curl -OutFile index.html
Invoke-WebRequest -OutFile index.html

[ More Info ]

[/os/windows/PowerShell] permanent link

Mon, Oct 09, 2017 11:13 pm

Checking the version of a Dynamic Link Library (DLL) file

You can check version information for a Dynamic-link Library (DLL) file, i.e., a file with a .dll filename extension, or a executable file, i.e., a .exe file, from a command-line interface (CLI) on a Microsoft Windows system by using the Get-Item cmdlet. E.g.:

PS C:\> (Get-Item C:\Windows\explorer.exe).VersionInfo

ProductVersion   FileVersion      FileName
--------------   -----------      --------
10.0.15063.0     10.0.15063.0 ... C:\Windows\explorer.exe

PS C:\>

If you can't see all of the information, i.e., if you see three dots indicating that not all of the information is displayed, you can append | format-list to the command to have the output displayed in list format.

PS C:\> (Get-Item C:\Windows\explorer.exe).VersionInfo | format-list

OriginalFilename  : EXPLORER.EXE.MUI
FileDescription   : Windows Explorer
ProductName       : Microsoft® Windows® Operating System
Comments          :
CompanyName       : Microsoft Corporation
FileName          : C:\Windows\explorer.exe
FileVersion       : 10.0.15063.0 (WinBuild.160101.0800)
ProductVersion    : 10.0.15063.0
IsDebug           : False
IsPatched         : False
IsPreRelease      : False
IsPrivateBuild    : False
IsSpecialBuild    : False
Language          : English (United States)
LegalCopyright    : © Microsoft Corporation. All rights reserved.
LegalTrademarks   :
PrivateBuild      :
SpecialBuild      :
FileVersionRaw    : 10.0.15063.608
ProductVersionRaw : 10.0.15063.608

PS C:\>

[ More Info ]

[/os/windows/PowerShell] permanent link

Sun, Oct 08, 2017 10:57 pm

Calculating file checksums on an OS X system

If you need to calculate a checksum, aka cryptographic hash value or digital fingerprint, on a Mac OS X system, you can use the md5 command to calculate a MD5 checksum, which is equivalent to the md5sum utility on Linux systems, and the shasum command to calculate Secure Hash Algorithms (SHA). The default value for shasum, if no algorithm is specified, is Secure Hash Algorithm 1 (SHA-1), but you can specify other algorithms, such as Secure Hash Algorithm 2 (SHA-2), e.g. SHA-256, using the -a option. E.g. -a 256 for SHA-256.

[ More Info ]

[/os/os-x] permanent link

Sat, Oct 07, 2017 10:59 pm

Determining the day of year value using Python

I sometimes need to determine the day of the year corresponding to today's date. The day of year starts with January 1 as day 1 and for 2017, December 31 is day 365. You can find sites online that will provide those values, e.g. Day Numbers for 2017 or NOAA's DOY Calendar. Or, on a system with Python installed, e.g., Linux or OS X, you can use the datetime module to obtain the day of the year corresponding to the current date as shown below:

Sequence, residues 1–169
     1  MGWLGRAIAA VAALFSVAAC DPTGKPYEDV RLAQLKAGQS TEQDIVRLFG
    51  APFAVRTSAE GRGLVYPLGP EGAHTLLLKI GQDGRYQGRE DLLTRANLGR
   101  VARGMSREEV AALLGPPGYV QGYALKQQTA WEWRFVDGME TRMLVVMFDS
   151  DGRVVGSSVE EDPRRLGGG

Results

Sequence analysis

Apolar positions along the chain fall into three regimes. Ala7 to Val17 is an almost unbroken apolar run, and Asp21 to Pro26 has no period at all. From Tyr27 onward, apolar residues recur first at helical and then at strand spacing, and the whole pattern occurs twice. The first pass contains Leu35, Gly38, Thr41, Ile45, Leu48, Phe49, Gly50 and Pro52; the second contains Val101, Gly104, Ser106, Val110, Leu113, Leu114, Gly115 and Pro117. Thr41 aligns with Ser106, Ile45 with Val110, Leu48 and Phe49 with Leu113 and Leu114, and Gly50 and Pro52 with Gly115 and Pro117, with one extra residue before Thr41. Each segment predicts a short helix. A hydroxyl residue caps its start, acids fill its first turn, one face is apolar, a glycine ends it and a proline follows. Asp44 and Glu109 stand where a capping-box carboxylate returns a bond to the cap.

$ python
Python 2.7.10 (default, Oct 23 2015, 19:19:21) 
[GCC 4.2.1 Compatible Apple LLVM 7.0.0 (clang-700.0.59.5)] on darwin
Type "help", "copyright", "credits" or "license" for more information.
>>> import datetime
>>> exit()

Since today is October 7 of the year 2017, the day of the year is 280.

If you want to obtain the day of year (DOY) for another date, you can use, month, day).timetuple().tm_yday where year is the relevant year, month is the month, and day is the day of interest. E.g., March 1, 2017 is DOY 60:

>>> import datetime
>>>, 3, 1).timetuple().tm_yday

[/languages/python] permanent link

Fri, Oct 06, 2017 11:15 pm

Viewing DHCP information on an OS X system

If you want to determine the IP address of the DHCP server from which a Mac OS X system received its IP address, subnet mask, etc., you can obtain that information from a command-line interface (CLI), i.e., a Terminal window by using the command ipconfig getpacket interface where interface is the relevant network interface, which will usually be en0 or en1. You can issue the command ifconfig -a in a Terminal window to see the network interfaces on the system and which have IP addresses assigned to them.

getpacket interface-name
Prints to standard output the DHCP/BOOTP packet that the client accepted from the DHCP/BOOTP server. This command is useful to check what the server provided, and whether the values are sensible. This command outputs nothing if DHCP/BOOTP is not active on the interface, or the attempt to acquire an IP address was unsuccessful.

[ More Info ]

[/os/os-x] permanent link

Sun, Oct 01, 2017 10:53 pm

Finding Gmail SMTP entries in Sendmail log files

I wanted to determine how many connections I was receiving per day from Gmail Simple Mail Transfer Protocol (SMTP) servers to my email server running Sendmail on a CentOS Linux system and the IP addresses of the Gmail servers that were sending email to users on my server. So I created a simple Python script to search for lines in the maillog file, /var/log/maillog for any lines containing "relay" and "" on the same line, since the Gmail servers are in Google's domain.

[ More Info ]

[/languages/python] permanent link